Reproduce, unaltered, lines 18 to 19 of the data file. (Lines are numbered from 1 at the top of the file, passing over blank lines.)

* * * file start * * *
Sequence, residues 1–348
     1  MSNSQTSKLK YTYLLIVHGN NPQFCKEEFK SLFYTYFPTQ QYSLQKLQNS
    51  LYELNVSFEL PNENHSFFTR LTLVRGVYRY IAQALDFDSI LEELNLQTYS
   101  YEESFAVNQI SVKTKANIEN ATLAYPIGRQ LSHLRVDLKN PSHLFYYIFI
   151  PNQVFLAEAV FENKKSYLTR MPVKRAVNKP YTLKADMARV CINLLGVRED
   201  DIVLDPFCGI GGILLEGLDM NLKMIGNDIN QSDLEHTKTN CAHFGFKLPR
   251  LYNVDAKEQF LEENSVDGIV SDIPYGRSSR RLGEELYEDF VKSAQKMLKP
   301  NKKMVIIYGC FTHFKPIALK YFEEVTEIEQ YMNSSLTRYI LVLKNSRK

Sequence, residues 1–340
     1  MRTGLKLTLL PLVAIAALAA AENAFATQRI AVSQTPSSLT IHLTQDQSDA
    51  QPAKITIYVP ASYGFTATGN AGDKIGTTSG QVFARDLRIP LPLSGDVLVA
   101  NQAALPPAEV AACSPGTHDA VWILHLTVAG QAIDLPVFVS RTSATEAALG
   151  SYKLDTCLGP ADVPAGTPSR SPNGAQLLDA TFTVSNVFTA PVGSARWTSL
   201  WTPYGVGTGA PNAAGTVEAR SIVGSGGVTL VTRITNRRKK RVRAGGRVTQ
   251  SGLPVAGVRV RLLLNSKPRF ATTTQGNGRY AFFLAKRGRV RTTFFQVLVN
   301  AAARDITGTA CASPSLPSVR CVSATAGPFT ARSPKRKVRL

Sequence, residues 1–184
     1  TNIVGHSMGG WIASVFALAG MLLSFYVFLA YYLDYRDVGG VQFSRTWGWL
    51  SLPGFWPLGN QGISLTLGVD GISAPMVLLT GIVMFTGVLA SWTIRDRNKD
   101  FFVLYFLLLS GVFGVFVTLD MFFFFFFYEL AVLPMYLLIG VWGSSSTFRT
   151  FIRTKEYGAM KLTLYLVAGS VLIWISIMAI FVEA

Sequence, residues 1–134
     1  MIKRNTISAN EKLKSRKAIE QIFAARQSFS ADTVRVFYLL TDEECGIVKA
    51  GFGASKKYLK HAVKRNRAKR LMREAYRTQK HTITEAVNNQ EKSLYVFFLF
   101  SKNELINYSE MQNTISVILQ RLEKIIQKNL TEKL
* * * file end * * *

     1  TNIVGHSMGG WIASVFALAG MLLSFYVFLA YYLDYRDVGG VQFSRTWGWL
    51  SLPGFWPLGN QGISLTLGVD GISAPMVLLT GIVMFTGVLA SWTIRDRNKD